The summer cropping season started on a slow note in Matabeleland North province, with most districts having planted between 300 and 500 hectares of maize so far.

The low activity is being attributed to the low rainfall that has been received since the beginning of the season.

Bubi and Nkayi are the two districts that have received the highest rainfall, ranging between 74 and 130 millimetres since the beginning of the rainy season.

Hwange and Binga districts have received less than 60 millimetres so far.

Although the province only has an average draft power of 45 percent, there are few tractors in service which can be hired out for tillage services.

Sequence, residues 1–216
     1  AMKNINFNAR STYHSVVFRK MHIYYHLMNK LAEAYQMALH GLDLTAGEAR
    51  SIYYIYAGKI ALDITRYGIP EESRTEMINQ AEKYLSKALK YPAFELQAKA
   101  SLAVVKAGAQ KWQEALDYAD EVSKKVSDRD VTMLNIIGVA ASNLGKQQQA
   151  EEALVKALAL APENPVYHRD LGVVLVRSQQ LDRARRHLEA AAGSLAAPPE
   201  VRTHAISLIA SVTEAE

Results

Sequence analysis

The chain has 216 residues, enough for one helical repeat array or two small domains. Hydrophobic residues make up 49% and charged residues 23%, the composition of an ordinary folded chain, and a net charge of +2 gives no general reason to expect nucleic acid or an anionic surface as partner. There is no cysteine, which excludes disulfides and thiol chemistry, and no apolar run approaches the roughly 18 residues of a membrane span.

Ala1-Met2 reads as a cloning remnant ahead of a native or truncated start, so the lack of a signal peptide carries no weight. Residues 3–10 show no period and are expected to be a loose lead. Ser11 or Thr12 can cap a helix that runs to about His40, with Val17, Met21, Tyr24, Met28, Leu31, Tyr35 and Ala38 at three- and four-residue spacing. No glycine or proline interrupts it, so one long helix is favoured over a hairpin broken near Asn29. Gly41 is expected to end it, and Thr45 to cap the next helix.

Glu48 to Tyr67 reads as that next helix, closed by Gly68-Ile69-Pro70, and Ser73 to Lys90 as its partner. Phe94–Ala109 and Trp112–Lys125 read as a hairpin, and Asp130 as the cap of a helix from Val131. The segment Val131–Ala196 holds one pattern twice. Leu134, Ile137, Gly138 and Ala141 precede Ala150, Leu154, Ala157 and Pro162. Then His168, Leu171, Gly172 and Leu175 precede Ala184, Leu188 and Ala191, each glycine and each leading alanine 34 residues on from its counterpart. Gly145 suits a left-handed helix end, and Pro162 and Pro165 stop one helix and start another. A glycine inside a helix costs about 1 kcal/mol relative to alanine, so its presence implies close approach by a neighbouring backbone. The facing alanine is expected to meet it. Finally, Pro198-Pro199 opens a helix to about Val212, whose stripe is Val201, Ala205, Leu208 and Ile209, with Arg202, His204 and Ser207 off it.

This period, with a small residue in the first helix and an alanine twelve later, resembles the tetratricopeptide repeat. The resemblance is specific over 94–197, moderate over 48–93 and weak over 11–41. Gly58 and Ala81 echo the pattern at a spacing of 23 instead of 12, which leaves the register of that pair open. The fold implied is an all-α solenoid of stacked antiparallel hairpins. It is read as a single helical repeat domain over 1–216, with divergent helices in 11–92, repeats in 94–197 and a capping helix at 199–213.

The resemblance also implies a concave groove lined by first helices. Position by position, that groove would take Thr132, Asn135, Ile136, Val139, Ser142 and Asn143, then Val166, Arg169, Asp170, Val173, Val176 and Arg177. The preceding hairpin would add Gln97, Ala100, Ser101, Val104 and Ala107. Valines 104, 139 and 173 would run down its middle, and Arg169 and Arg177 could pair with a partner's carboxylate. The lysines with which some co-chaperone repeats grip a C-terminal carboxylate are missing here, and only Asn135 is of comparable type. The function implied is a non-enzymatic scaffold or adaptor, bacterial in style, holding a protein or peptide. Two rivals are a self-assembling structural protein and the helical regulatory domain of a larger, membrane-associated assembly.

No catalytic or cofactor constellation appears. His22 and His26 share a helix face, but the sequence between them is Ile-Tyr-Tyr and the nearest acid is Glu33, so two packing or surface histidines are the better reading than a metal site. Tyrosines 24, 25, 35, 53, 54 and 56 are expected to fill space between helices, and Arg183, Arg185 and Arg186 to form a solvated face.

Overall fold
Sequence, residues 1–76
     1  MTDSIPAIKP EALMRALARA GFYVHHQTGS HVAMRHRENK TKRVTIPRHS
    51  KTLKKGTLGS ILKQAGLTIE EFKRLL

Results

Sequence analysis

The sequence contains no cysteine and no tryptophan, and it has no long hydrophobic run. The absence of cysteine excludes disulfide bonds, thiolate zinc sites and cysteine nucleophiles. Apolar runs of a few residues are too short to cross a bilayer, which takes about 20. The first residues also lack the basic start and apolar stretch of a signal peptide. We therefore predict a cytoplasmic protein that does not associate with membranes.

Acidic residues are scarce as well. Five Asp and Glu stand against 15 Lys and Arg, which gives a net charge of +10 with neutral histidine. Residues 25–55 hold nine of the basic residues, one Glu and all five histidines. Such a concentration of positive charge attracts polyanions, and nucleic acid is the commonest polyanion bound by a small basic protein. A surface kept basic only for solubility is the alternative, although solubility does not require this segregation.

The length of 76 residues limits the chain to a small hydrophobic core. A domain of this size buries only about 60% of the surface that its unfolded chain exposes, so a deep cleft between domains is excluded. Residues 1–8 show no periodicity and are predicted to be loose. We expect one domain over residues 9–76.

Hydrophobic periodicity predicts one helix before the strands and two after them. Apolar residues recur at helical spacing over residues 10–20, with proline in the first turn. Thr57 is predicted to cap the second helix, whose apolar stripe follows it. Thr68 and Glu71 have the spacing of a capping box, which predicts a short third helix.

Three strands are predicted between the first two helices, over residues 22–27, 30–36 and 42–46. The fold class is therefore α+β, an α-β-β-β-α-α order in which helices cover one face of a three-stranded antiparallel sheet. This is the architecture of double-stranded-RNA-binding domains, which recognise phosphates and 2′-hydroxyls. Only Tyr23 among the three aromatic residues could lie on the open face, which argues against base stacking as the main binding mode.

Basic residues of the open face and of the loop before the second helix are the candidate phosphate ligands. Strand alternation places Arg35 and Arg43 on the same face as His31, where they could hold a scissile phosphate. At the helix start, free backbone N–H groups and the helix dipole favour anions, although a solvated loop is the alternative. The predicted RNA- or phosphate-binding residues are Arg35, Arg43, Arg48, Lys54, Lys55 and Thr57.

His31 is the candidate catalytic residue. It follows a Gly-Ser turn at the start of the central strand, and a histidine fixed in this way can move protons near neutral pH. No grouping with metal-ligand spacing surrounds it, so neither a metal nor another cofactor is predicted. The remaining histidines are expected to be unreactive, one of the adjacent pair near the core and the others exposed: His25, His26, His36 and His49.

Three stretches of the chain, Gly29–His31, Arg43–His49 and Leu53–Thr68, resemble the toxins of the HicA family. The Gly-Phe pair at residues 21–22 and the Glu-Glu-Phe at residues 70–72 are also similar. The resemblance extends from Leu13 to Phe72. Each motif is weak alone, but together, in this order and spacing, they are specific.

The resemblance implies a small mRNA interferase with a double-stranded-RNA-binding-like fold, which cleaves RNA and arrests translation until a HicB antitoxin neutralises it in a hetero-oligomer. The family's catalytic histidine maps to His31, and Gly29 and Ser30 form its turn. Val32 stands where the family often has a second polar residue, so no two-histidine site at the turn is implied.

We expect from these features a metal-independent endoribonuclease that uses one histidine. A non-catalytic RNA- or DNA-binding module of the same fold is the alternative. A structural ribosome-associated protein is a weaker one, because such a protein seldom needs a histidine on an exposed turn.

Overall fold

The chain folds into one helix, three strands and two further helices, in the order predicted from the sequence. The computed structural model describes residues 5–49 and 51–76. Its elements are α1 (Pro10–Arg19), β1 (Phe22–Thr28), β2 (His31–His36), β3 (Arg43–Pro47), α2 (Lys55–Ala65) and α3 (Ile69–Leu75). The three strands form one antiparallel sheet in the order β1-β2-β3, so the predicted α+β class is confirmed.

Private tractors are unaffordable to many and this has affected the farmer confidence in resource mobilisation for the inputs.

Due to the current rainfall patterns, farmers are being urged to embark on conservation farming, stagger their planting and plant when they have received adequate rains to enable crop germination.

“The moisture lasts for about 3-4 days and then, you have inadequate moisture to germinate the crop. Rains are coming in heavy showers accompanied by a lot of wind, which leads to soil compaction and quick run off before any infiltration, so we encourage conservation agriculture techniques where they try to slow the flow of water in the fields so that we encourage infiltration which is what will benefit the crop going forward,” he said.

Although maize is the main crop, the uptake of cotton inputs has been overwhelming in Nkayi, Binga and Lupane with farmers in Bubi still awaiting their allocation from the government input programme.